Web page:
Counter-extremism strategy aims to tackle the full spectrum of harms caused by extremism: violent and non-violent, Islamist and neo-Nazi – hate and fear in all their forms.
Protecting our communities by challenging extremists’ poisonous narratives and promoting the positive alternative to that twisted ideology are the focus of the government’s counter-extremism strategy.
At the heart of the strategy, which has been launched by the Prime Minister and Home Secretary today (Monday 19 October), is a partnership between government and individuals, groups and communities, who want to see extremism defeated. It is a partnership that will not only seek to counter the ideology spread by extremists, but will stand up for the shared values that unite us as a country: values that include democracy, free speech, mutual respect, and opportunity for all.
The strategy sets out four principal areas in which action will be taken:
- confronting the extremist ideology head-on
- actively supporting those who want to fight extremism, but are too often disempowered or drowned out of the debate
- disrupting extremists, aggressively pursuing the key radicalisers who do so much damage
- building stronger and more cohesive communities, tackling the segregation and feelings of alienation that can help provide fertile ground for extremist messages to take root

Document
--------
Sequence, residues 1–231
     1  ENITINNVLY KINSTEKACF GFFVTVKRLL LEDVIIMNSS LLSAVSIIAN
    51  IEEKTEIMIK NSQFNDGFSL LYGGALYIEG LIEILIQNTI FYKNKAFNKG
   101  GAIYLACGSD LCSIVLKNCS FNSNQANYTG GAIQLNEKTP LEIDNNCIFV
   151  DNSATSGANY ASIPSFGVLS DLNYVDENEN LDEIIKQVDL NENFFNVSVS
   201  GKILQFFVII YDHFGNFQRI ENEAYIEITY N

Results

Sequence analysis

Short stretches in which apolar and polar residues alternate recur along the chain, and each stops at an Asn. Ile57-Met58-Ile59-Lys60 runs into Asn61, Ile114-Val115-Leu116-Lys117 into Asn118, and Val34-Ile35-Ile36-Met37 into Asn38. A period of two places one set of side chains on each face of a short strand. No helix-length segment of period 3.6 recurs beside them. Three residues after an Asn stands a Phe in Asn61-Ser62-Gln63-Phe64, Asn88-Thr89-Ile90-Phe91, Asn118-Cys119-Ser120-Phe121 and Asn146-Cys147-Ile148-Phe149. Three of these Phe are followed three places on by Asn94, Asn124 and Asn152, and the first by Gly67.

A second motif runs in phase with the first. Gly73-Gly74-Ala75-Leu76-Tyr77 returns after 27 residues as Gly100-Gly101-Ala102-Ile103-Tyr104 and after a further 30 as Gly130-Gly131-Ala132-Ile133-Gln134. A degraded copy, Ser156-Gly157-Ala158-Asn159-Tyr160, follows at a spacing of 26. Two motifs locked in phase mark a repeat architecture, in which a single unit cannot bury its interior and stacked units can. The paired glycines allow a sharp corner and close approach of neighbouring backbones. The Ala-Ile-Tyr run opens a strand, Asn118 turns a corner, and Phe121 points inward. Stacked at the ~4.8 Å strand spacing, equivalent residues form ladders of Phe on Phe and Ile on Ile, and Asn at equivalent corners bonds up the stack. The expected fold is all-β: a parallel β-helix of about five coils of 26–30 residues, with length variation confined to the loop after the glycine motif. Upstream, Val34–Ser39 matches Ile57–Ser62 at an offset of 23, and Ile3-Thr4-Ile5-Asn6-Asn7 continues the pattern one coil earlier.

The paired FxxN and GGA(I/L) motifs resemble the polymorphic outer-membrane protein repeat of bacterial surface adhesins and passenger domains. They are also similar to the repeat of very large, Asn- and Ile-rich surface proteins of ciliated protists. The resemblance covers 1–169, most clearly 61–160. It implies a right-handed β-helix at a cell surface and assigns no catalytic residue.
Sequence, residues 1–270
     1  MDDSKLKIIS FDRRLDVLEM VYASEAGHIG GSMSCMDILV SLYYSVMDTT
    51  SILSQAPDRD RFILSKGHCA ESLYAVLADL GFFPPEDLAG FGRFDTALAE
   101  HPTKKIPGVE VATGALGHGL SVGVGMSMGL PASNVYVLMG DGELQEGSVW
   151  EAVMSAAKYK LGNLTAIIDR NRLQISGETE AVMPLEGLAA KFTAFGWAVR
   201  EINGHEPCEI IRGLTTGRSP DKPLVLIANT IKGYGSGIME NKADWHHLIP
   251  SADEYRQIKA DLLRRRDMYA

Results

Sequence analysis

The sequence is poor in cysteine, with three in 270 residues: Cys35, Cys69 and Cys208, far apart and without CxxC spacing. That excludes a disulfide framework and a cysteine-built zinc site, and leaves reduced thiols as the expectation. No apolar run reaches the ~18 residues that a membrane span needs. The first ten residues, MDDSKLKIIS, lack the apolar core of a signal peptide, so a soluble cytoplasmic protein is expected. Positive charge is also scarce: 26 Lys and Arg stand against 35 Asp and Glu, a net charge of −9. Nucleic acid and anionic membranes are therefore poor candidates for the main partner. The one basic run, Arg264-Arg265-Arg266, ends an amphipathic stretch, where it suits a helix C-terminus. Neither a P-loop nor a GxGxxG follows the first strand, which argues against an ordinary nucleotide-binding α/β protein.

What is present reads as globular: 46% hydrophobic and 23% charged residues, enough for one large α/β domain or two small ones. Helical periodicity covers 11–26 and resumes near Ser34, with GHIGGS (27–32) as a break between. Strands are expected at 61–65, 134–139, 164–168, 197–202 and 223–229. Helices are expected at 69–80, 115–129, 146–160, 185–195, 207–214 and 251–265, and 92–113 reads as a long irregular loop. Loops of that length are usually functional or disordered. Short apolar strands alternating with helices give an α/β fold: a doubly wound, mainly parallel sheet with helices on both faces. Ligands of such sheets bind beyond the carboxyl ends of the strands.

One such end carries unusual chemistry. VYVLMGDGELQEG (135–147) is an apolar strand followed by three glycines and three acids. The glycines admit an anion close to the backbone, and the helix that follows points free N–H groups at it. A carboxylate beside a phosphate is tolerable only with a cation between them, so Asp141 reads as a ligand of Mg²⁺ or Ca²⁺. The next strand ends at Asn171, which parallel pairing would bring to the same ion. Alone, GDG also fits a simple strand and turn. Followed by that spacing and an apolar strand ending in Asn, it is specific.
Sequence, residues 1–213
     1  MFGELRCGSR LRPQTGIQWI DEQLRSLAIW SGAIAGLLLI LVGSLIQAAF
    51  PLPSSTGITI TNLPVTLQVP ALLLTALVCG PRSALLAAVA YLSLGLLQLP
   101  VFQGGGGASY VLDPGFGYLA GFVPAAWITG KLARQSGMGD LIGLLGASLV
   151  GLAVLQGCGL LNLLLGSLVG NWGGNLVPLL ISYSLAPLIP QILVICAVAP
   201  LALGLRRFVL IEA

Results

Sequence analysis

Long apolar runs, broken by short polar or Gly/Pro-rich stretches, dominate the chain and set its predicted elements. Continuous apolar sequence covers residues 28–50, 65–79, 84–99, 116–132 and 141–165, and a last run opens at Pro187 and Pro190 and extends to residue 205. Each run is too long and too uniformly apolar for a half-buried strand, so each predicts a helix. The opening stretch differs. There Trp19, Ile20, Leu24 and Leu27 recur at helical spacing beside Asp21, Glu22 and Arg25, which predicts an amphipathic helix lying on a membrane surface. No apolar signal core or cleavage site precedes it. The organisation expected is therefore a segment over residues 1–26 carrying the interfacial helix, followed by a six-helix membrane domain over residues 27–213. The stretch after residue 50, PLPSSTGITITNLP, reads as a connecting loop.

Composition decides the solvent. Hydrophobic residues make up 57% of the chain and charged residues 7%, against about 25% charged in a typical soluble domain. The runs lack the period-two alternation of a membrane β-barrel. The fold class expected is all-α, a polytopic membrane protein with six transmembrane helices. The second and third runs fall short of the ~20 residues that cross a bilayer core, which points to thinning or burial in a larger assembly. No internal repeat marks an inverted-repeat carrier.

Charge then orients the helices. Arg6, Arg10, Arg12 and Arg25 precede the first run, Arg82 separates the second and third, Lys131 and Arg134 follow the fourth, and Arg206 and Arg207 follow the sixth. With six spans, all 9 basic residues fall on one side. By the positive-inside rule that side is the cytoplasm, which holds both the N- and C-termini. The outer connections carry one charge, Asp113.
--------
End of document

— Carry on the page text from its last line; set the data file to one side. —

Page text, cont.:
Home Secretary Theresa May said:
In recent times, we have seen extremists operating at an unprecedented pace and scale, seeking to divide our communities and cause great harm.
The rise of ISIL is particularly alarming, driven in part by their sophisticated use of the internet and social media. But the threat posed by extremists is not limited to violence, nor to Islamist extremism. The rise of neo-Nazi groups, and the increase in antisemitic and anti-Muslim hatred is deeply concerning.
Where non-violent extremism goes unchallenged, the values that bind our society together fragment. Women’s rights are eroded, intolerance and bigotry become normalised, minorities are targeted and communities become separated from the mainstream.
Such behaviour cannot go uncontested. We will systematically confront and challenge extremist ideology, exposing it for the lie it is. And we will thwart its destructive consequences. We will disrupt all those who seek to spread hate and we will prosecute all those who break the law.
But most importantly of all, we will stand up for all those who know that in Britain we are stronger together. Because when we join up all the voices of those who want to defeat extremism, they are louder and more powerful than the voices of those who seek to divide us.